Amazon CEO Andy Jassy
F. Carter Smith | Bloomberg | Getty Images

Shares of Amazon dipped more than 7% in early trading Friday after the company on Thursday reported disappointing second-quarter results and gave weak guidance for the current quarter, suggesting recent pandemic-fueled momentum is slowing.

The stock is on pace for its worst day since March 12, 2020, when it plunged 7.92%.

Amazon warned it expects to see slower growth continue for the next few quarters, as it laps tough year-over-year comparisons to its business during Covid-19 lockdowns.

Many consumers avoided physical stores in order to prevent spreading the virus and flocked to digital retailers like Amazon for both essential and non-essential goods during the pandemic. Over the past few months, the economy has continued to reopen, pushing some shoppers back to stores, while they also shift to spending more on travel and other services.

Investors acknowledged the slower growth will put Amazon shares under pressure in the near term, but several analysts said they remain confident that e-commerce as a whole will continue to grow, benefiting Amazon as a result.

“AMZN reported revenue and [operating income] that were 2% and 1% below consensus and guided 3Q below,” Barclays analyst Ross Sandler wrote in a note to clients on Friday. “This kind of miss is a rare occurrence for a high quality name like AMZN, but forecasting the back side of the pandemic surge is proving challenging for many companies, and despite the deceleration, AMZN continues to add prime members and gain e-commerce share. This print won’t derail the long-term bull case around [Amazon Web Services] and retail, but likely means we are range bound for the next few months until a catalyst emerges.”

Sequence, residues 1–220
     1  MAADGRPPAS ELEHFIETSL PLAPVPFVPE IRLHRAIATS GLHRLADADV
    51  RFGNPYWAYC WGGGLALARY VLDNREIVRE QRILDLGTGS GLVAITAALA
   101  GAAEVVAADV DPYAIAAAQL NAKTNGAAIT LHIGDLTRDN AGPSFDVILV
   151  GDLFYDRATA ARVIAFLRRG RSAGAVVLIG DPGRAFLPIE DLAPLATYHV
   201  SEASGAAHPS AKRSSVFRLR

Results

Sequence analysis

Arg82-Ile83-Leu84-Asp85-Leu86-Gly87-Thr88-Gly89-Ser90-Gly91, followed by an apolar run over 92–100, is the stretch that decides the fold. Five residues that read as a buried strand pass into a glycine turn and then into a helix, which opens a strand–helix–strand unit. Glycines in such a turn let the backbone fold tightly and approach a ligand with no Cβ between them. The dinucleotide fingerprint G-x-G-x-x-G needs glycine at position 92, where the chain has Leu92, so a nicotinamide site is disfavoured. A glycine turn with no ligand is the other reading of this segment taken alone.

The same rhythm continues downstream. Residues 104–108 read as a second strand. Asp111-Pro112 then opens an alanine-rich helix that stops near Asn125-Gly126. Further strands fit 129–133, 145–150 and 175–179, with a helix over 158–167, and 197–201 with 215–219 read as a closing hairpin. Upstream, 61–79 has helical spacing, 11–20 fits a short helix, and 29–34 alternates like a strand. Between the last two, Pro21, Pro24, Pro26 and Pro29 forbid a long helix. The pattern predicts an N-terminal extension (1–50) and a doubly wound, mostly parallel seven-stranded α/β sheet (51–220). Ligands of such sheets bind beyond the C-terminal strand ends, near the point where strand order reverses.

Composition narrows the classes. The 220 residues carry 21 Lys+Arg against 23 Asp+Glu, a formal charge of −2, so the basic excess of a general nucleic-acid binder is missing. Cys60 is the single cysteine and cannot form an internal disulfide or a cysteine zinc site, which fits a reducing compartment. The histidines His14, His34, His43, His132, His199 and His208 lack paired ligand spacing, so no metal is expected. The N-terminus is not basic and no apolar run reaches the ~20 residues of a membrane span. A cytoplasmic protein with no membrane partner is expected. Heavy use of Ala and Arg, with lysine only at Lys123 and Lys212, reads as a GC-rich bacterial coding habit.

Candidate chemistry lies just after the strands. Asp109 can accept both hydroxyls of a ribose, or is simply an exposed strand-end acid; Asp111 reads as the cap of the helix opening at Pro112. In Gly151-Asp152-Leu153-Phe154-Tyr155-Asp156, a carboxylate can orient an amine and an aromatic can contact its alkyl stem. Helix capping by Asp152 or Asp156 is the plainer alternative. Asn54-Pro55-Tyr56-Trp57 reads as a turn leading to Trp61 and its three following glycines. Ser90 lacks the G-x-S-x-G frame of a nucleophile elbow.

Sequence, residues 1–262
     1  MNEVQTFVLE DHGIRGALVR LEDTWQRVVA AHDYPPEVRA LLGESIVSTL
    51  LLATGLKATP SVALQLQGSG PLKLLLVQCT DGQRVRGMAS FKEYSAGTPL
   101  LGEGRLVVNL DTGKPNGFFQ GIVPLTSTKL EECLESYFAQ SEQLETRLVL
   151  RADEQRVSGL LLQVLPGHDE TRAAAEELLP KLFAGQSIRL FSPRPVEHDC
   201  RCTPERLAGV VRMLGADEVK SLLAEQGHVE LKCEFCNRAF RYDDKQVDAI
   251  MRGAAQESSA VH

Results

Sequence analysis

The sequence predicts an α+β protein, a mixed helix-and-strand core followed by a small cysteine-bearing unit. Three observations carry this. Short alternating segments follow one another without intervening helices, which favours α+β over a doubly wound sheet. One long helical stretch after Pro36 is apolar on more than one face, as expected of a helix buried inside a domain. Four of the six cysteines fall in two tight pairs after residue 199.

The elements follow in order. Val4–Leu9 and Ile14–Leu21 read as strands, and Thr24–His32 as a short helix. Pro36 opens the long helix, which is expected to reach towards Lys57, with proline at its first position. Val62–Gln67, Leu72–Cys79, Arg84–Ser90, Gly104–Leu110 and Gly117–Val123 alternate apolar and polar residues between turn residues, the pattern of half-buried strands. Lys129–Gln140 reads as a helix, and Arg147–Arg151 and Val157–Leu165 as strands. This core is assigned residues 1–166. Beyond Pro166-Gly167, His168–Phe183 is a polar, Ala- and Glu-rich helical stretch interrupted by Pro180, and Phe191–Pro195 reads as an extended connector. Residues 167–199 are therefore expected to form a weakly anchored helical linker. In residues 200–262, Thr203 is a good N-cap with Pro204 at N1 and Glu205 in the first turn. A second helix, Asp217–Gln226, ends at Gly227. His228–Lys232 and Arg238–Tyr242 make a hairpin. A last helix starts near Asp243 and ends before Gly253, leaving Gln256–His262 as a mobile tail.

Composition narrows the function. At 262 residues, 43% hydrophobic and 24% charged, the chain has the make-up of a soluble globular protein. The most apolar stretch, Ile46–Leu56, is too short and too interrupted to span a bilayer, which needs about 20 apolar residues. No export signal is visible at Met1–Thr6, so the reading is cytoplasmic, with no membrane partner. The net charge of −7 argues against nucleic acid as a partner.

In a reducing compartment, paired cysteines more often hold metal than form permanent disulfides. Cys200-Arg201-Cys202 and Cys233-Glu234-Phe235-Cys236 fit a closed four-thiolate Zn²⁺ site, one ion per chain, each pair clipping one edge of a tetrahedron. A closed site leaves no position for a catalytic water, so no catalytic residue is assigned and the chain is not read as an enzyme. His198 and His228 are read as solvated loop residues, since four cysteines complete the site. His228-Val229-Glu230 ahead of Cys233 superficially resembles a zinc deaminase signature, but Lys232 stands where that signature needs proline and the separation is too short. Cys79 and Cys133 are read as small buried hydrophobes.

In a separate note to clients, Baird analysts wrote, “we never like to see a miss.” But they pointed to outperforming results in Amazon’s other, more profitable segments like advertising, cloud-computing and subscription services as the “more notable” standout in the company’s earnings.

“This is the quasi-recurring model we’ve highlighted as deserving of a higher multiple,” said Baird analyst Colin Sebastian.

Amazon shares are up more than 3% since the start of the year. The S&P 500 has risen roughly 18.6% over the same period.

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